In truth, one could assume an equally powerful argument to explain why one would assume that the Haggadah could be recited on the first day of the month.  An important part of the seder is to demonstrate the principle of cherut or freedom. This is done through the act of Haseiva or reclining during parts of the seder and it is best demonstrated through the drinking of the four cups of wine.  If the guiding principle is cherut, what then expresses greater freedom than performing the first commandment which the Torah gives to the people of Israel the calculation and establishment of the calendar.

A slave is not a master of his destiny and has no sense that he has any control over his time.  He has no sense of time, for his existence belongs totally to his master. He is merely a tool as Aristotle indicated which contains life. Only a free man has a sense of his own time and that becomes the ultimate expression of his freedom.

Thus, the Torah must tell us that our celebration of freedom and recitation of the Haggadah can only occur at the choosing of the Torah when the elements of the seder are expressed and demonstrated.

This gives rise to another question: why do we need the seder to express freedom?  Why is the mitzvah of “Hachodesh hazeh Lachem” not sufficient to express it? Let me suggest the following:

The expression of Cherut on Rosh Chodesh lacks an important component which describes the Jewish sense of freedom.  Freedom for Jews is not only the sense that they do not feel oppressed by an external force, but they must also possess the sense that they are different and separate as a people from the world around them and from all other nations in the world.  They must live in the world guided by the principles and ideas that are supplied for them by the Torah. Thus, they are truly a nation who dwells alone worshipping their own God and not reckoned among the nations of the world. The experience which established this principle is the Pesach seder.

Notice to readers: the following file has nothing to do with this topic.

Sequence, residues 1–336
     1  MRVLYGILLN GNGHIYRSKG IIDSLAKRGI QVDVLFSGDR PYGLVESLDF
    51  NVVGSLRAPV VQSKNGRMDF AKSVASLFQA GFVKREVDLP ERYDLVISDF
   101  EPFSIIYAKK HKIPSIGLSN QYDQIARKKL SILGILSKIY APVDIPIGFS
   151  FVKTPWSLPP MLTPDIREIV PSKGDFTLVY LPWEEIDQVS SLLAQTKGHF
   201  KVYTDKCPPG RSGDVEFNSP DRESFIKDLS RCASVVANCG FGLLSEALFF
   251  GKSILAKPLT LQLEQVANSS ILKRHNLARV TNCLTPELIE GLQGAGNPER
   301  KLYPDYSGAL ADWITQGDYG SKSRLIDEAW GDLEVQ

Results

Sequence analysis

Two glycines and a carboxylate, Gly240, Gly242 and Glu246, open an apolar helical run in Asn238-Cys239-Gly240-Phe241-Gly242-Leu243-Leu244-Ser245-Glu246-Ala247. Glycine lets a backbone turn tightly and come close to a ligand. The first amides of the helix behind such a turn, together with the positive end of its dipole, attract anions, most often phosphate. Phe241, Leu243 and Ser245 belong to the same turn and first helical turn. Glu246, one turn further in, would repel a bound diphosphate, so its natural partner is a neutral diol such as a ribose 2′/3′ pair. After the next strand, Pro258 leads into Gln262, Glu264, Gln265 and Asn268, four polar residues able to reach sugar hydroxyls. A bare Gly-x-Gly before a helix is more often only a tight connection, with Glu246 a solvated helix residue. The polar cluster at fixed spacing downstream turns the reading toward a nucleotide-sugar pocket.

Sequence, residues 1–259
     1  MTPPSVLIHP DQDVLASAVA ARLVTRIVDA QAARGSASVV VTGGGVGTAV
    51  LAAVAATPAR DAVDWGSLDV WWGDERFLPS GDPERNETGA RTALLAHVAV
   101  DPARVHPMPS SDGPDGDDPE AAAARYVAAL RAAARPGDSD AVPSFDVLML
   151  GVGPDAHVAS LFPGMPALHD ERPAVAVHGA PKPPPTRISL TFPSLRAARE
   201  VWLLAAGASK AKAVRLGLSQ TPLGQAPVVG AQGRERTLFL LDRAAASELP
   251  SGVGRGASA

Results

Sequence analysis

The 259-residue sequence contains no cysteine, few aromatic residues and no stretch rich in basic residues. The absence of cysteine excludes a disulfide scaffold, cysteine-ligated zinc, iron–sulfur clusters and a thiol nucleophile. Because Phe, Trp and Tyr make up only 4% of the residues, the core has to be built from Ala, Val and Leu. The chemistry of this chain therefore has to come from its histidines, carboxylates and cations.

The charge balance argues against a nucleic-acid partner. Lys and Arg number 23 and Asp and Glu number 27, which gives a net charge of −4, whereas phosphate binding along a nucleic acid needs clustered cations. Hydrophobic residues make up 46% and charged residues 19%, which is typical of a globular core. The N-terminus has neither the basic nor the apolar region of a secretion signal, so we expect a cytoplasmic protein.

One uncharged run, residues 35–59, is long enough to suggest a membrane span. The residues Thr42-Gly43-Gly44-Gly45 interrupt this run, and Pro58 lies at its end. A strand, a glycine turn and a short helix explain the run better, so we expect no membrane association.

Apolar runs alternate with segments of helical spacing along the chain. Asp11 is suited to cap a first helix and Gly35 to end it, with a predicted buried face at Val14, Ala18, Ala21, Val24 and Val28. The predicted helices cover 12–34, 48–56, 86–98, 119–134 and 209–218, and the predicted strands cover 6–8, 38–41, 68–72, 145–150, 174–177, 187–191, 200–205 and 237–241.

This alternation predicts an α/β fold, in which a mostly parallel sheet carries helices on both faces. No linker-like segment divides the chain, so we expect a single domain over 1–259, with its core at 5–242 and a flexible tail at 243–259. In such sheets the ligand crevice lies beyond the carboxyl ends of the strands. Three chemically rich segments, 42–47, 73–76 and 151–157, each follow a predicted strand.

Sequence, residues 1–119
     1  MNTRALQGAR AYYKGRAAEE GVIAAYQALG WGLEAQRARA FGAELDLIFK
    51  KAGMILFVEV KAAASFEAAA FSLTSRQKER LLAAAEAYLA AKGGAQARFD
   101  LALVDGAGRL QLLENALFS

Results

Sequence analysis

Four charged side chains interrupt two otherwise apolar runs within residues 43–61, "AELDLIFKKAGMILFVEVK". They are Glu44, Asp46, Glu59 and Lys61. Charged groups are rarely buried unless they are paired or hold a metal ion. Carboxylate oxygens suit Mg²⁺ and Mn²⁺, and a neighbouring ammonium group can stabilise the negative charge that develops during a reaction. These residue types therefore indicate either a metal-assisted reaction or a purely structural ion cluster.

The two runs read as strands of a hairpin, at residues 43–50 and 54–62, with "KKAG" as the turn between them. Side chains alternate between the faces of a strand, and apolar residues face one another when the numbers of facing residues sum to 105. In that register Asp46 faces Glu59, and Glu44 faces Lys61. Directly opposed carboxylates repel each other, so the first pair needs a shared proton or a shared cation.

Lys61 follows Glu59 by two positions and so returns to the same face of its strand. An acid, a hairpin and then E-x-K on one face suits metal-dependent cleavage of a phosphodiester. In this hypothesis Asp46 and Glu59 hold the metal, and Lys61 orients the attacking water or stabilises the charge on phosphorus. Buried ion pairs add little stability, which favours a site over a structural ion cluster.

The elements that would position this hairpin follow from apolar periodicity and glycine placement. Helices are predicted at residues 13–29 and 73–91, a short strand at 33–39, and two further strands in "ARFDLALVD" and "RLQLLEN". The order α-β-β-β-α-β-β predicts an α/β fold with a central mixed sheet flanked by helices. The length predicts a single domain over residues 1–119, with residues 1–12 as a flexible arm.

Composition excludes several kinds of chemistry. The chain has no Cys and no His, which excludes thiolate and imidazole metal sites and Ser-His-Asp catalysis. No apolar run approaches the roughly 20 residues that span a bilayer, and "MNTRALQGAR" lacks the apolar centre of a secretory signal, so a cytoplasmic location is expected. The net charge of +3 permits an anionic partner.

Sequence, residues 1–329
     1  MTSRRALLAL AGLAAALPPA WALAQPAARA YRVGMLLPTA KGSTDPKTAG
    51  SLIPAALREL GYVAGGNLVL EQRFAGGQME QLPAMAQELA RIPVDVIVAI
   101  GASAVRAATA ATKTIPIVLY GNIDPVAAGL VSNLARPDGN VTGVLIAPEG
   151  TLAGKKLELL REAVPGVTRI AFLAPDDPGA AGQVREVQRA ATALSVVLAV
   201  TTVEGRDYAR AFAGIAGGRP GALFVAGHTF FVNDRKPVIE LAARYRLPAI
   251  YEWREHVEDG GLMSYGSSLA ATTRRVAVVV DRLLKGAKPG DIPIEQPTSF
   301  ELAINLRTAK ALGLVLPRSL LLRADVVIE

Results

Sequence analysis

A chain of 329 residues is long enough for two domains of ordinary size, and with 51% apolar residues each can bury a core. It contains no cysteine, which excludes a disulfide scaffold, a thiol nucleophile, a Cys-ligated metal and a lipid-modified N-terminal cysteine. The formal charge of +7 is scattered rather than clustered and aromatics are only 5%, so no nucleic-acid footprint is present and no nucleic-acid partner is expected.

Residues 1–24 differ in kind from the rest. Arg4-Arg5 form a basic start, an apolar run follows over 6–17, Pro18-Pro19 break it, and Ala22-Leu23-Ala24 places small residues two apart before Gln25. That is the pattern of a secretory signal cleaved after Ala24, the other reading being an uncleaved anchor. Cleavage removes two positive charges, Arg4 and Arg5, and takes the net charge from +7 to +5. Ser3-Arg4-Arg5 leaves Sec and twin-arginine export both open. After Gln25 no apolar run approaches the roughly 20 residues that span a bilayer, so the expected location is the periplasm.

The first seder which Israel experienced was seared into their consciousness.  As they remained in their homes engaged in the celebration of the seder, God passed over their homes and killed the first born of every home in Egypt.  There was no house where there was no dead. What greater distinction could be demonstrated? Jews experienced life, while the world around them experienced death.  There could be no real freedom without God and his Torah.

Thus, when we are commanded to discuss this history with our children, the words, “because of this” are crucial.  It is only because of this, God’s providence over the Jewish people as demonstrated by the seder, that we can survive in a meaningful way as a free people.